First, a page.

Because of your stance on the so-called "loophole", I will never step foot into your store(s). On top of that, it will also become my duty to inform fellow current and potential gun owners not to spend one red cent at your stores. With the invention of the internet, word travels quickly.

    As a store owner, your opinion on the matter is slightly one-sided, simply because you stand to profit from any such changes. Even if the so-called "loophole" is closed, you stand to lose much of your potential FFL transer business, because of your stance of the subject. A stance like yours may fly in places like California, Chicago and New York, but you sir, have forgetten where your roots are planted.

    Face it, criminals don't need/rarely use, if at all the so-called "loophole". I'm not saying that a criminal has never purchased a firearm while taking advantage of the so-called "loophole", but it's not nearly as often as some would like us to beleive. Criminals want guns, and criminals will get guns, with or without the so-called "loophole".

    As a member of law enforcement, maybe it would be a great idea to focus on the real issue at hand. The fact that we have criminals who aren't afraid, because LEO's and court systems are little more than a joke to them. With jails constantly bursting at the seams, they're often let go with little more than a slap on the wrist. They are already planning their next criminal activity before they even step foot out of the courthouse. Being arrested, and going to jail doesn;t seem to be a deterrent for the criminals, and you think closing the so-called "loophole" will? Not a chance.

    By the way, as a LEO, you should know your gun safety a little better than that. GET YOUR FINGER OFF THE TRIGGER!

    ****As far as our so-called "Mayor"-- Why not attempt to fix the crime in our area with a REAL solution. That's always been an issue with our politicians--Always looking for the easy way out. Just as long as it looks like you're actually doing something to fix something, right? Wait, it's always much easier to hurt the law-abiding citizen, because of your lack of skill at fixing the real issues at hand. Why not create a real deterrent against criminal activity? This smoke screen you're trying to use is a complete joke to the criminals who walk among us, and I'll bet the farm that our crime rate doesn't drop .00000000000000001% because of and such change. You collecting a pay check must be just as easy as it is for the generation after generation after generation after generation of project dwellers. There's something else you can pretend to fix. What a joke.

    ****As far as Nate Rau, You should leave your assumptions as to who would or wouldn't make a good NRA spokesman up to those who actually know something about the NRA. FYI, we'd prefer a spokesman who actually knows how to handle a firearm. That is what the NRA is all about, after all.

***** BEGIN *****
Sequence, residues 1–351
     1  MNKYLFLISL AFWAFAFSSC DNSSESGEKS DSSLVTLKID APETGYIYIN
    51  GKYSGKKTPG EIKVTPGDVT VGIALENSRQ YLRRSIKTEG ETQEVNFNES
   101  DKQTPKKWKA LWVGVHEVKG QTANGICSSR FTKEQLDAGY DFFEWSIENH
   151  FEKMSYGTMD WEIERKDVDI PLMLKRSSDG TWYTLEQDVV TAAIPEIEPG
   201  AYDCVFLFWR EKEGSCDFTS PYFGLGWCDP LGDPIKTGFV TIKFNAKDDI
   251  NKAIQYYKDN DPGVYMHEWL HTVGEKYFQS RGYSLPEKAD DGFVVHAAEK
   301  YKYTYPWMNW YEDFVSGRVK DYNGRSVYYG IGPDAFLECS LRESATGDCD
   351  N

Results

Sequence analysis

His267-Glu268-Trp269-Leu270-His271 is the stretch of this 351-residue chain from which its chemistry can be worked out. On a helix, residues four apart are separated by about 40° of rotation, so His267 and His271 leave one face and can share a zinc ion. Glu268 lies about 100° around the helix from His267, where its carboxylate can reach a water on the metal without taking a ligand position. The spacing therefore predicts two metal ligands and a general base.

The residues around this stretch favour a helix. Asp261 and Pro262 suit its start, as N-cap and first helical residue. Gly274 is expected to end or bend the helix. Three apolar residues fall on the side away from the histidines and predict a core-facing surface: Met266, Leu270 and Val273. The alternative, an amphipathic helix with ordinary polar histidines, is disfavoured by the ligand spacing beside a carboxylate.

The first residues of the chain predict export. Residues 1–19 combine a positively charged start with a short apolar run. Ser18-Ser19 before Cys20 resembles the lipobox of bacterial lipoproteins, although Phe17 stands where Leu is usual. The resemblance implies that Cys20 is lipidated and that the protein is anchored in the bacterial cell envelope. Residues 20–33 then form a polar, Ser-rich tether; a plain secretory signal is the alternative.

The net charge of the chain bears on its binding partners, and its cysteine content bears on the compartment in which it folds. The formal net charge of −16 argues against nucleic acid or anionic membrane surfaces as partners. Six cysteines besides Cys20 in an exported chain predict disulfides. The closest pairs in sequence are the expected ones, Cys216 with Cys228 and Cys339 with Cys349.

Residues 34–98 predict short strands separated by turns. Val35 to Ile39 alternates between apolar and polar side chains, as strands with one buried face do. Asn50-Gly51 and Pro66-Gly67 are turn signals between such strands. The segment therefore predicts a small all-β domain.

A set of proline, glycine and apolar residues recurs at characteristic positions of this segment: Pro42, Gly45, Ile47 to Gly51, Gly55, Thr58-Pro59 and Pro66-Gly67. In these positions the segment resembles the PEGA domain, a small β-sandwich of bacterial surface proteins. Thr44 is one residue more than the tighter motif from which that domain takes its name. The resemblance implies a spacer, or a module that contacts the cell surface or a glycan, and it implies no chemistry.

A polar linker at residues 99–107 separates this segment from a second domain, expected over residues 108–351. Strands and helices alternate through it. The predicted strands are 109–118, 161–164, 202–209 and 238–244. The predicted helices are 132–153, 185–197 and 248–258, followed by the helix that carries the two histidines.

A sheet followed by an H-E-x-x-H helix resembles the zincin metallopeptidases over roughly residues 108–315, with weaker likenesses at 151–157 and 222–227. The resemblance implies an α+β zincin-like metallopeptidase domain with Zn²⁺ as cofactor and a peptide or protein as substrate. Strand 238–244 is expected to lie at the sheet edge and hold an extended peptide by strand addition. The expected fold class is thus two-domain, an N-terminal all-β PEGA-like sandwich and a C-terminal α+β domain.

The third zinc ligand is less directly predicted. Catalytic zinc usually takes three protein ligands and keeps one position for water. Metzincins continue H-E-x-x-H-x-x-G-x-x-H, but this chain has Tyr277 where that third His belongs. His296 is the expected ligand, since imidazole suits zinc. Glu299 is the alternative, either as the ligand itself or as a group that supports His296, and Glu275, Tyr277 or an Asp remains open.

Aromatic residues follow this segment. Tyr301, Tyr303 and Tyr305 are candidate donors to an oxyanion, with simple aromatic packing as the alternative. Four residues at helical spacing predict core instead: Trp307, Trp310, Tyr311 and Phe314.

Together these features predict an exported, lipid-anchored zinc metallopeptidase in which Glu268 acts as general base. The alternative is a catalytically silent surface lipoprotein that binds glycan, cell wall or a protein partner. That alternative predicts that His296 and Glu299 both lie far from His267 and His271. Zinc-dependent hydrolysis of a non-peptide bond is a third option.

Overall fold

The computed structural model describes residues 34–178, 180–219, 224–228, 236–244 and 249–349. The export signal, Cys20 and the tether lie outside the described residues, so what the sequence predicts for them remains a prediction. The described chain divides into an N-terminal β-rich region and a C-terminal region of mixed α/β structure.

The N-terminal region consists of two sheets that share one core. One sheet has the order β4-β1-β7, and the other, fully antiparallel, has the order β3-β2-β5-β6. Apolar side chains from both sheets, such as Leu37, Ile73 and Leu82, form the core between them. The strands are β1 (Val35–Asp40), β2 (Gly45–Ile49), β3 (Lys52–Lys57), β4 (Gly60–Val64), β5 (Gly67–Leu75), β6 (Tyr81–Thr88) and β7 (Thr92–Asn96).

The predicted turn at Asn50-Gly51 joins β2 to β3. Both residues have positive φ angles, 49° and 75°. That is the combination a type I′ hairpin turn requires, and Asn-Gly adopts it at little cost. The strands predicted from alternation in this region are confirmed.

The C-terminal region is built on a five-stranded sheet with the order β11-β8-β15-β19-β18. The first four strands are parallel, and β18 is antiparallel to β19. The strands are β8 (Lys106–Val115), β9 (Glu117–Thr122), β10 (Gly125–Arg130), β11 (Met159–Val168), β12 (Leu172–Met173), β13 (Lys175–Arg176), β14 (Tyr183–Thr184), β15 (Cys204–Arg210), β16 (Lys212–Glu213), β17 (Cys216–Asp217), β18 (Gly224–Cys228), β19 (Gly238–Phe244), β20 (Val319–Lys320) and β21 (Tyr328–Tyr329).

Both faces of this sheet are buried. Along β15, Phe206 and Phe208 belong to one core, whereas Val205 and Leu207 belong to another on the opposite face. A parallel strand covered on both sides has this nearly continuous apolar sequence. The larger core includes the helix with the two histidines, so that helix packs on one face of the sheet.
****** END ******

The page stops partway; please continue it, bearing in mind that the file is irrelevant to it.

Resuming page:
By: Docpyro on 4/28/08
    Rock on XD40!!!

  2. #2
    Campaign Veteran deepdiver's Avatar
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    Uselton is especially fond of the phrasing at the end of the amendment, “the right of the people to keep and bear arms shall not be infringed.

    Two paragraphs laters.

    “In this era, the idea that there are places criminals can go and buy guns with no accountability, it doesn’t do my business any good and it doesn’t do law-abiding gun dealers any good,” Uselton said, referring to the loophole.

    Shall not be infringed, Mr. Uselesston. Shall not be infringed.

    "He keeps-a using that word. I don't think that word means what he thinks it means."
    Bob Owens @ Bearing Arms (paraphrased): "These people aren't against violence; they're very much in favor of violence. They're against armed resistance."

  3. #3
    Regular Member
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    Bristow, Virginia, USA

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    Neither myself or my Cousin Howard want you to own a Gun.


    Karl Dean

  4. #4
    Moderator / Administrator
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    Fairfax County, Virginia, USA

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    of course many gun dealers want the government to force all gun transfersa to go thru . . . gun dealers.

  5. #5
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    Bristow, Virginia, USA

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    And once it is required watch those transfer fees move upward at the same rate as Fuel prices.......

  6. #6
    Regular Member Thundar's Avatar
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    Licensed gun collectors are federally licensed. They may purchase and sell Collectible and Relic (C&R) firearms in the course of interstate trade. Dealers may not sell handguns to out of state buyers. The net effect of "closing the loophole" is to outlaw licensed gun collecting at gun shows.

    No mention of how Dean can get around the 10th Amendment. (Private property transfer within a state does not equal interstate comerce.)

    He wore his gun outside his pants for all the honest world to see. Pancho & Lefty

    The millions of people, armed in the holy cause of liberty, and in such a country as that which we possess, are invincible by any force which our enemy can send against us....There is no retreat but in submission and slavery! ...The war is inevitableand let it come! I repeat it, Sir, let it come . PATRICK HENRY speech 1776